- The ingredients are there for a serious breakout, but there is a critical catalyst that must make an appearance first: volatility. Normally, we would look at the economic docket or event risk that can stir the bigger fundamental themes. However, this time around, our focus must turn to a far more elemental aspect of market activity. Without it, the dollar will remain stationary, risk trends will flounder and volatility will continue to deflate to fresh five year lows.
- The Euro was the top performer the past week despite only a modest performance, gaining +0.11% against the US Dollar, the second best performer, and gaining +0.59% against the Japanese Yen, the worst performer. Overall, the prevailing drivers of price action were only in part out of the Euro-zone, as there was a lot of hoopla surrounding the Greek aid negotiations coming down to the wire (with a deal ultimately prevailing).
- The British Pound tagged a fresh monthly high of 1.6061 as a growing number of Bank of England (BoE) officials softened their dovish tone for monetary policy, and the sterling may track higher going into the December 6 interest rate decision as the fundamental outlook for the U.K. improves.
- The week ahead promises greater currency volatility as five major central bank interest rate decisions and US labor data threaten big moves in key pairs, but the biggest Japanese Yen moves may wait until the highly-anticipated Japanese elections due December 16. The issue at hand is simple: the Liberal Democratic Party (LDP) of Japan looks likely to take a majority of seats in the elections, and its leader Shinzo Abe has been quite outspoken in favor of aggressive monetary policy easing from the Bank of Japan.
- The Australian Dollar looks ahead to volatile week, with major event risk lining up on the domestic and the broader risk-sentiment fronts. The RBA monetary policy announcement stands above the rest however, with the outcome likely to reverberate for the remainder of the week and quite possibly beyond. Rate cut expectations surged last week, with investors now pricing in an 83 percent probability of a 0.25 percent reduction in benchmark borrowing costs.
- With the Fed pledging to maintain its accommodative stance on monetary policy for the foreseeable future, investors are likely to favor gold as a classic hedge against inflationary pressures and with the end of operation twist quickly approaching, the Fed may look to implement other non-standard measures which are unlikely to be sterilized in nature. That said, the Fiscal Cliff threat continues to drive price and could trigger further weakness as prices continue to loosely track equity markets on the downside. If concerns are put to rest before the year's end, bullion should remain well supported as broader commodities advance.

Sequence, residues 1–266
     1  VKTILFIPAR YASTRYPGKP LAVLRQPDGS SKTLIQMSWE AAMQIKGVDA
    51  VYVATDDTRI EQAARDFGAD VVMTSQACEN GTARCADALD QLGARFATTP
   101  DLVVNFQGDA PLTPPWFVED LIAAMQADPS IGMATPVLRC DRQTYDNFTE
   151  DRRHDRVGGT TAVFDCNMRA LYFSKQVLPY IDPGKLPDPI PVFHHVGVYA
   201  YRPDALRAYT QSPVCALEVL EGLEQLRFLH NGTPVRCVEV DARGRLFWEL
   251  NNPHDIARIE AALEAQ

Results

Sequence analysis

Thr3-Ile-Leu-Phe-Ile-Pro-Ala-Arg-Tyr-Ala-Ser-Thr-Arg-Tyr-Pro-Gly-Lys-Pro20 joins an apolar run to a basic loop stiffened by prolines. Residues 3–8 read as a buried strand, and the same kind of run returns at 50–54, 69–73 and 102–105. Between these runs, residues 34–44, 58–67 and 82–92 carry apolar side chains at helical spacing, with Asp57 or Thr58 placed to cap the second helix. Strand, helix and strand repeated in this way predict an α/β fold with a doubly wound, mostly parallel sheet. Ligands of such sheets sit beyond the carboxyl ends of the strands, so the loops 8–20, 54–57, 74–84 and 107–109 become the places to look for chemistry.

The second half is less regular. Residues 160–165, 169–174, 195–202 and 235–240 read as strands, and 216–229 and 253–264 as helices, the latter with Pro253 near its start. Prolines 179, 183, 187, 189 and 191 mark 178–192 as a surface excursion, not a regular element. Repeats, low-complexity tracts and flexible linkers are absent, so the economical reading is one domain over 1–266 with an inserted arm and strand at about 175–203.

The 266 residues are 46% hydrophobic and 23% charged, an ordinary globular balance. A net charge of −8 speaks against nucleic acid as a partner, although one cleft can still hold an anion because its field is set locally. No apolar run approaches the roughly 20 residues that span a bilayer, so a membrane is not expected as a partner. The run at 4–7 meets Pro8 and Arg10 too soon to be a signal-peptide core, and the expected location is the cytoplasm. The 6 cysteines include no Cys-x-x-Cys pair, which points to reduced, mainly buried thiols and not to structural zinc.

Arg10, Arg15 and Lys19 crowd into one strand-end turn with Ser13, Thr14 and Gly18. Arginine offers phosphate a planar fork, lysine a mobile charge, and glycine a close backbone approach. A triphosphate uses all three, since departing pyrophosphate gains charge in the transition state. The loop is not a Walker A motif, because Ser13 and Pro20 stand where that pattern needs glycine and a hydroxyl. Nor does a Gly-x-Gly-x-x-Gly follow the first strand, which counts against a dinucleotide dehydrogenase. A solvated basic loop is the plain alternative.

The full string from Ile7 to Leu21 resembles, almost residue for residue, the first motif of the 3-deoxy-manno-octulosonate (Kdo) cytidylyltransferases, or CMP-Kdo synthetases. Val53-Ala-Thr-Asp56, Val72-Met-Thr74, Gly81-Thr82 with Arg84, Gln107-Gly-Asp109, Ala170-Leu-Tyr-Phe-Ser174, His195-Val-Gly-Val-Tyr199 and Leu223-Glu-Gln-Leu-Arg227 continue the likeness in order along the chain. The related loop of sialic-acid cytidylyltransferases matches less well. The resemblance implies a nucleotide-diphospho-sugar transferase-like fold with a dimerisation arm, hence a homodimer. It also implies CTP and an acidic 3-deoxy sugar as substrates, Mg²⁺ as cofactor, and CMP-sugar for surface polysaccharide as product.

- The Canadian Dollar had a mediocre week, finishing in the middle of the majors covered by DailyFX Research, while slipping by a mere -0.09% against the US Dollar and by -0.20% against the Euro, the top performer. The Loonie was the strongest commodity currency on the other hand, gaining +0.08% against the New Zealand Dollar and by +0.26% against the Australian Dollar. Overall, this was a very interesting week for the Canadian Dollar, with some key data coming in slightly weaker than expected, and some big news at the Bank of Canada. As we wait to see how these events impact the Loonie over the coming months, we must take a “neutral” bias for the coming week.
Just a cursory look at the US Dollar chart and we can feel the pressure building. On an activity basis, the benchmark currency index (ticker = USDollar) is carving out its smallest range (using a two-week ATR reading) in years. In contrast, the fundamental risks are lining up with the Fiscal Cliff rhetoric escalating and Euro-area crisis resolution skepticism reaching new heights.